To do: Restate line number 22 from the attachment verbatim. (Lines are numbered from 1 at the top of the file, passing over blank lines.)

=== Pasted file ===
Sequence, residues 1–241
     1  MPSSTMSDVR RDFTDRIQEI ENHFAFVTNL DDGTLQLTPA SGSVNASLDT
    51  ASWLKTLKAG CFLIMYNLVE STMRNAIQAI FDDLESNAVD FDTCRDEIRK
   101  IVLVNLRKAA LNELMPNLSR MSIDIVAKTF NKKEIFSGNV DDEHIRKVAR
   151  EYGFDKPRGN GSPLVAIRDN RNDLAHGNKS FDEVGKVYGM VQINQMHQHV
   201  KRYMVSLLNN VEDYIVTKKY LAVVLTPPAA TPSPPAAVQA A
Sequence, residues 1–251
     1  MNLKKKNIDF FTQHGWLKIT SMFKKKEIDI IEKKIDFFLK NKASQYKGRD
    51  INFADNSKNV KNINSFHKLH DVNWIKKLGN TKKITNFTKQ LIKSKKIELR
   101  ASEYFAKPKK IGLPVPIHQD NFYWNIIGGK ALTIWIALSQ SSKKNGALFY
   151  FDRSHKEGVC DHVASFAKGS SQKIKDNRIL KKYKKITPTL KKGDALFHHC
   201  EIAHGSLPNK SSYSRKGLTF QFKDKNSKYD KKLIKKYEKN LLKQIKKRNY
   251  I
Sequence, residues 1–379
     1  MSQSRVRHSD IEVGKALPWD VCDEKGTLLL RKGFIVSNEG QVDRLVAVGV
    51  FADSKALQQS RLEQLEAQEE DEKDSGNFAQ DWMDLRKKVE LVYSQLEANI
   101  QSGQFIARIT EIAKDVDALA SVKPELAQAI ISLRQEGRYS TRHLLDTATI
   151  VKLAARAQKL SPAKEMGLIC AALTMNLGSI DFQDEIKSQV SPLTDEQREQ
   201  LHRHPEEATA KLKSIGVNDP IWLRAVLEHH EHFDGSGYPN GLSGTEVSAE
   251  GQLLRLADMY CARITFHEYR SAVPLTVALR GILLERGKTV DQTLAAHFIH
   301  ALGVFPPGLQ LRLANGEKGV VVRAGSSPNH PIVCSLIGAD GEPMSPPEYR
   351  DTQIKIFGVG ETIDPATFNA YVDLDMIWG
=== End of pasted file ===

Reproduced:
   351  DTQIKIFGVG ETIDPATFNA YVDLDMIWG